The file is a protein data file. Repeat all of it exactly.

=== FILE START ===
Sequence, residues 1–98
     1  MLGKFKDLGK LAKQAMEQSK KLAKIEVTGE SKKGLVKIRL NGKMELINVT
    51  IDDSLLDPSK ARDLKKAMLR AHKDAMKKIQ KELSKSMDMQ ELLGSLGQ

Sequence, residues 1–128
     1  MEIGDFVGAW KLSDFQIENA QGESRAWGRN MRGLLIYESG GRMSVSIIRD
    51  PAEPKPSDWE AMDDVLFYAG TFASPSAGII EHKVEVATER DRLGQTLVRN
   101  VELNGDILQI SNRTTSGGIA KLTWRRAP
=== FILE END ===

Sequence, residues 1–98
     1  MLGKFKDLGK LAKQAMEQSK KLAKIEVTGE SKKGLVKIRL NGKMELINVT
    51  IDDSLLDPSK ARDLKKAMLR AHKDAMKKIQ KELSKSMDMQ ELLGSLGQ

Sequence, residues 1–128
     1  MEIGDFVGAW KLSDFQIENA QGESRAWGRN MRGLLIYESG GRMSVSIIRD
    51  PAEPKPSDWE AMDDVLFYAG TFASPSAGII EHKVEVATER DRLGQTLVRN
   101  VELNGDILQI SNRTTSGGIA KLTWRRAP